North Carolina city approves ‘reparations,’ apologizes for role in slavery
The council voted 7-0 on a measure to mitigate racial disparities
North Carolina’s Asheville City Council apologized for its role in slavery and racial discrimination, voting unanimously to provide reparations in the form of community investments to help Black residents.
The council voted 7-0 on Tuesday night on the measure to mitigate racial disparities. The reparations will not provide direct cash payments, as some have suggested, but will provide investments in housing, health care and career growth in Black neighborhoods.
Councilwoman Shaneika Smith, who is Black, said the council had gotten emails from those "asking, 'Why should we pay for what happened during slavery?'"
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"[Slavery] is this institution that serves as the starting point for the building of the strong economic floor for White America, while attempting to keep Blacks subordinate forever to its progress," said Smith, as reported by the Asheville Citizen Times.
The resolution calls on the city to create a Community Reparations Commission to make concrete recommendations of where to funnel programs and resources.
"The resulting budgetary and programmatic priorities may include but not be limited to increasing minority home ownership and access to other affordable housing, increasing minority business ownership and career opportunities, strategies to grow equity and generational wealth, closing the gaps in health care, education, employment and pay, neighborhood safety and fairness within criminal justice," the resolution reads.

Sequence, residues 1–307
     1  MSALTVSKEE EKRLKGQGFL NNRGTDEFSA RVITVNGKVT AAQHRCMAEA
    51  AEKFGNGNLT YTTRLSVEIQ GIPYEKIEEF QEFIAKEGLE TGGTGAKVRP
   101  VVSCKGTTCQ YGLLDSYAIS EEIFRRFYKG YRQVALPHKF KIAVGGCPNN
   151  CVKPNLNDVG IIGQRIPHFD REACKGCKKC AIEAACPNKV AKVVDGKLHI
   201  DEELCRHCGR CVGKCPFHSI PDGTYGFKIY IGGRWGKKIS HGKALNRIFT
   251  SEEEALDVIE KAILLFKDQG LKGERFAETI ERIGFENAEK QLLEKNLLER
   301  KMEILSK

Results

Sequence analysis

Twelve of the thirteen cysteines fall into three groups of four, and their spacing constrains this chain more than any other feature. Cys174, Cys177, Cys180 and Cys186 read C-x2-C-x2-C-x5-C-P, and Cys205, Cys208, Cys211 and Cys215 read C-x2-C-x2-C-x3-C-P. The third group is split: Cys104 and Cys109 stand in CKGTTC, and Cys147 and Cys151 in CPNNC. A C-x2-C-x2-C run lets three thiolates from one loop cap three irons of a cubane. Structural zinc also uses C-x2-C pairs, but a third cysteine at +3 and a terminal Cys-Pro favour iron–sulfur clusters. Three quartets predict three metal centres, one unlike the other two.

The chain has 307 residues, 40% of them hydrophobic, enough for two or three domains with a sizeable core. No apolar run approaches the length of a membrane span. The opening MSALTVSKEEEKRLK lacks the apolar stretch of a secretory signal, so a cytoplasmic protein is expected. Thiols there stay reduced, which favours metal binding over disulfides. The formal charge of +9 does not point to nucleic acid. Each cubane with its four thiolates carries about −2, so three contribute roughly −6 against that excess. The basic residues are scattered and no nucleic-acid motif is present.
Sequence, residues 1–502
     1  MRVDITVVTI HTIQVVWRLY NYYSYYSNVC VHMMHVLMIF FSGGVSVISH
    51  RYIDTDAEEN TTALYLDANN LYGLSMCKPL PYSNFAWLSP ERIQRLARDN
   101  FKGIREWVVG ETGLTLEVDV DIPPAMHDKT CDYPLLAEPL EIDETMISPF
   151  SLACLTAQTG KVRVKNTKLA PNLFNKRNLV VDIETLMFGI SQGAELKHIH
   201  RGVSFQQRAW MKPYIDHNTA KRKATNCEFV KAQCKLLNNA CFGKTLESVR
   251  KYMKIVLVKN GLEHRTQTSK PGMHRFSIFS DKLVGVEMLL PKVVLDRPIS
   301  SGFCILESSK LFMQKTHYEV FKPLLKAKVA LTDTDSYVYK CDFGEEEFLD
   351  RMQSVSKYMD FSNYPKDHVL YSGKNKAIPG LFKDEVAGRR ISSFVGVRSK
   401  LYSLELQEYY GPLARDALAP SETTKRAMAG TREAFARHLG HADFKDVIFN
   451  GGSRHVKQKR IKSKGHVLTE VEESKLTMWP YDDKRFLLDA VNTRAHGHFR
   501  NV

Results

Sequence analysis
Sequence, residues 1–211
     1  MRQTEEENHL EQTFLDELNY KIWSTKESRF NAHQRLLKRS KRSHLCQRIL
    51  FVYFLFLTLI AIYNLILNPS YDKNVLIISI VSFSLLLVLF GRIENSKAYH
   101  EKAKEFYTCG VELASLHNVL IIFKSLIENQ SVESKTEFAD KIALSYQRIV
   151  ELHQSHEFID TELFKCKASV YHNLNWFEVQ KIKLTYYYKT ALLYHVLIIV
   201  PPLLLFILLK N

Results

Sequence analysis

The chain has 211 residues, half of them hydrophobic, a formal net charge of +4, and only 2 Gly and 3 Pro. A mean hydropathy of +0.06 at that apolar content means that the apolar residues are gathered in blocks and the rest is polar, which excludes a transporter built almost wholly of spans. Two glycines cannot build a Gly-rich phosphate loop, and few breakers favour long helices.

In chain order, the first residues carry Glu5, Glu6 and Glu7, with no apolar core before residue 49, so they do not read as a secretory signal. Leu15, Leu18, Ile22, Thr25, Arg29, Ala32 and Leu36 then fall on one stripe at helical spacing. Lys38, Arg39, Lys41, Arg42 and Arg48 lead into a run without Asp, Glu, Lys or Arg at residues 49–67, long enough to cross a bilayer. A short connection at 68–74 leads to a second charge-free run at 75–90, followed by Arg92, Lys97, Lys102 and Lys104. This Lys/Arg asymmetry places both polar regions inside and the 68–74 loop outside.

"Hundreds of years of Black blood spilled that basically fills the cup we drink from today," said Councilman Keith Young, who is one of two African-American city council members and spearheaded the proposal.
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"It is simply not enough to remove statutes. Black people in this country are dealing with issues that are systemic in nature," Young continued.
Councilman Vijay Kapoor, who is known to split with Smith and Young on police and budget issues, said he supported the resolution for moral reasons, but urged skeptics to look at the “practical reason” — data showing large disparities between African-Americans and other Asheville residents.
“We don't want to be held back by these gaps," Kapoor said. "We want everyone to be successful."